Patagonia’s founder Yvon Chouinard has always had, in his words, a “skeptical view” of the business world. For over 40 years, the outdoor apparel company has marched to the beat of its own drum, from donating one percent of its sales to environmental organizations to helping found the Sustainable Apparel Coalition to supply chain transparency. The company has also urged its consumers to hold onto their Patagonia garments and reduce consumption. Now Patagonia is taking its message a step further with the recent announcement the company will boost investment in Yerdle, a startup where users can use a smartphone app to give and receive things for free and score credits to get even more free items in the meantime.
According to Fast Company, which hosted the Innovation Uncensored Conference where the new investment was disclosed, Patagonia will manage this investment through its $20 Million and Change internal venture fund. Yerdle is the perfect partner for Patagonia as both have a role of keeping products moving between users, therefore keeping them out of landfills. As noted by Yerdle on its Facebook page, “either love what you own, or pass it along to someone who will.”
Yerdle and Patagonia ramped up their cooperation over the past year. The two companies partnered on a “Worn Wear” campaign, which featured a mini-documentary urging consumers to repair their garments during the holiday Christmas season. According to a GreenBiz article this spring, Patagonia’s presence on the app becomes a gift that keeps on giving—the more often Yerdle users see a Patagonia garment on the app, the more inclined they are to contribute their own unwanted items. At press time however, things seemed slow, or maybe Patagonia items just get claimed quickly: a search on the Yerdle app revealed only one item. Hopefully the Black Friday angst will motivate people to clean out their closets ASAP—and help Yerdle achieve its ambitious goal of reducing the things we buy by 25 percent. Should this collaborative consumption trend become more mainstream, that may not be a totally unrealistic goal.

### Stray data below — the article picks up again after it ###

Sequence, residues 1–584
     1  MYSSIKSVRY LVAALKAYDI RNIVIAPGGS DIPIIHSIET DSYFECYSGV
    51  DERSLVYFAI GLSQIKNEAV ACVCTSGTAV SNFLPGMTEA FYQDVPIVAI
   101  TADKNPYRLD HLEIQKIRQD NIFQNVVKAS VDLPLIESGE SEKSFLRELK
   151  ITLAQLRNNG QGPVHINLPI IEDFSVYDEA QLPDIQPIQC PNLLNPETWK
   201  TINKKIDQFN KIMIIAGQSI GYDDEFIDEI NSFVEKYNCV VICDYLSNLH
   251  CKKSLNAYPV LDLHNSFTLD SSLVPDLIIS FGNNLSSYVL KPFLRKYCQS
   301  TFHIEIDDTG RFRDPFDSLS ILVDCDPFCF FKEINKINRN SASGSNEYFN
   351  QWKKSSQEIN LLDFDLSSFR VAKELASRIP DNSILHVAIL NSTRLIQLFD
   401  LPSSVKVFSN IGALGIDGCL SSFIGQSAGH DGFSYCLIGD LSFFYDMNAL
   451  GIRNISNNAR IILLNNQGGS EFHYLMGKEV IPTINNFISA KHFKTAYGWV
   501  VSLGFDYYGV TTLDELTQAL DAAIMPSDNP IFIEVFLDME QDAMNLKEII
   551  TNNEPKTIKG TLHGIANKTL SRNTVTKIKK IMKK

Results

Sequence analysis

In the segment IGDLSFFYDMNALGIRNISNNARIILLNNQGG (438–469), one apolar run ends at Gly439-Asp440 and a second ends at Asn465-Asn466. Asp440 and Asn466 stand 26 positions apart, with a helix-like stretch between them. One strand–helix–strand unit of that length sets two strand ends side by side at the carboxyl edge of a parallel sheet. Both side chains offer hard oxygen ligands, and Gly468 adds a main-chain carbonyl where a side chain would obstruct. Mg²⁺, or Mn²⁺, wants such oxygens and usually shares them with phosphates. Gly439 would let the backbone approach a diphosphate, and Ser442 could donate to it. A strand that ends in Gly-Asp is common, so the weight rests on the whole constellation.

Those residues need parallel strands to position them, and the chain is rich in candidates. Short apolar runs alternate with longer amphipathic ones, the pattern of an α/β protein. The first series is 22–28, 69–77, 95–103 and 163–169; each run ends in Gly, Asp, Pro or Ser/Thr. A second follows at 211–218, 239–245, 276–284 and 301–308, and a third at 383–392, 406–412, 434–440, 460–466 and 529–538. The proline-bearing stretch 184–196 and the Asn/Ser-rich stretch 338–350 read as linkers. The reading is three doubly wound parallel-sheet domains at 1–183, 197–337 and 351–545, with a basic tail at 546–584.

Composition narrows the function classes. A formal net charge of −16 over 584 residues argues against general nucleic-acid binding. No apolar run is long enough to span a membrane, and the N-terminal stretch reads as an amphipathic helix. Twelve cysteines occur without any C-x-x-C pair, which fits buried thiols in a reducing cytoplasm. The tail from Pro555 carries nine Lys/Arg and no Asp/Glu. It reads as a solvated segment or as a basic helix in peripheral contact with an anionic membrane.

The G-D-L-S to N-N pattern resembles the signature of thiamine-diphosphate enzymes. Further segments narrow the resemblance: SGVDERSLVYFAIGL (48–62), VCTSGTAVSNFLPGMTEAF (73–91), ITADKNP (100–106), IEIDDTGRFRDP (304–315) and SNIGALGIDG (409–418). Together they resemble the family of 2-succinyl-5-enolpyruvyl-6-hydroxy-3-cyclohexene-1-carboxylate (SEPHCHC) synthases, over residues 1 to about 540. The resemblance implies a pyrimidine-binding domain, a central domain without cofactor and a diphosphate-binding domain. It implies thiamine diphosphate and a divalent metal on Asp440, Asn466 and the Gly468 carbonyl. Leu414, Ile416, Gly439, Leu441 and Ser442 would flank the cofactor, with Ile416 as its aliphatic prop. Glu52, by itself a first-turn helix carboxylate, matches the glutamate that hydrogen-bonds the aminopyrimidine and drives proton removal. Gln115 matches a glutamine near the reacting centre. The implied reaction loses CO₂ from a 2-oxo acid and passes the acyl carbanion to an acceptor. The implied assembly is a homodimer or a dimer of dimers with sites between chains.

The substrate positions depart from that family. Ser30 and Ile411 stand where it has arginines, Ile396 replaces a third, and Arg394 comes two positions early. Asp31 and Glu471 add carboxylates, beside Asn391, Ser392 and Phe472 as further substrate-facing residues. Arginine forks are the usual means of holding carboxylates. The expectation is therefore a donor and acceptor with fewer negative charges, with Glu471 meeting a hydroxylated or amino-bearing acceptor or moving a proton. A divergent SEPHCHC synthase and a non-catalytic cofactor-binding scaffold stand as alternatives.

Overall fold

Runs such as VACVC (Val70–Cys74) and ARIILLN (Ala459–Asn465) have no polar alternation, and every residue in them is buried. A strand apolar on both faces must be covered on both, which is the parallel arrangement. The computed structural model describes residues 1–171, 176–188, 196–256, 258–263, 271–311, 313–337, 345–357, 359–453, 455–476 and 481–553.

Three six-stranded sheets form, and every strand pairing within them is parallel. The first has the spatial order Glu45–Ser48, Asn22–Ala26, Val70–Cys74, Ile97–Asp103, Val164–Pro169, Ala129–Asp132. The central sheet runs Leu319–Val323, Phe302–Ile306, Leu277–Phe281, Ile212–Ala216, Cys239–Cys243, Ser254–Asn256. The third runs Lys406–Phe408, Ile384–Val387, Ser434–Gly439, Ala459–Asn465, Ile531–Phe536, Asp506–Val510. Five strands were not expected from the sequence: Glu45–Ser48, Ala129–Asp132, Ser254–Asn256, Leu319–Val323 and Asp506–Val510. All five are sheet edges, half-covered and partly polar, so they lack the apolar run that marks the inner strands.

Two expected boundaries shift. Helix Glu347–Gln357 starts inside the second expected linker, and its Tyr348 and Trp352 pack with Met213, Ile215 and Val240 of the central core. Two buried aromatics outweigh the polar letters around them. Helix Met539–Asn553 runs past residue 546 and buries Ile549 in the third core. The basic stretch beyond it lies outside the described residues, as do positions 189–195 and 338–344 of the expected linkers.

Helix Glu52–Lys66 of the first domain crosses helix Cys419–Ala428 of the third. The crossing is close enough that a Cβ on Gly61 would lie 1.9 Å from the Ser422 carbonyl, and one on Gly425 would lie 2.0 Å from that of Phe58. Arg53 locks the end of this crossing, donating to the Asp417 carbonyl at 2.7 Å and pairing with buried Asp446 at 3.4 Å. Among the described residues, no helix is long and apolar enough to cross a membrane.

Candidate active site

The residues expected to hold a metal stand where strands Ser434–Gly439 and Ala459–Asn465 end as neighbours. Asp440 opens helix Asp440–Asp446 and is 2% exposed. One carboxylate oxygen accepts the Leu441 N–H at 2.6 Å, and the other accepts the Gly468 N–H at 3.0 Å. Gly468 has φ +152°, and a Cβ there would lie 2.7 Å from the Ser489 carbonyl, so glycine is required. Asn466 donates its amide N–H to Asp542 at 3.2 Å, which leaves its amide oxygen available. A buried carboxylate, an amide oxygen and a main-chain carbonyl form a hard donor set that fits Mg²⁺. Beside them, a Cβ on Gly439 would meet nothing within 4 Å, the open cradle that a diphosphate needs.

In any event, this latest project is just another example of how Patagonia has moved from just another outdoor gear manufacturer to a B Corp giant focused on social innovation and environmental stewardship. As part of the Patagonia Works initiative, the venture fund seeks young socially and environmentally responsible companies that share its values. Companies with an established business model can pitch for an investment from Patagonia ranging from $500,000 to $5 million.
The sharing economy is enduring growing pains as it evolves and matures, as seen in Airbnb’s legal battles and Uber’s shenanigans in the ridesharing industry. But as more consumers realize the accumulation of space and stuff is not only a drag on their pocketbooks, but a gash on the planet, watch for more partnerships like the Patagonia-Yerdle alliance to give us even more options to save money and clear our closets.
Image credit: Patagonia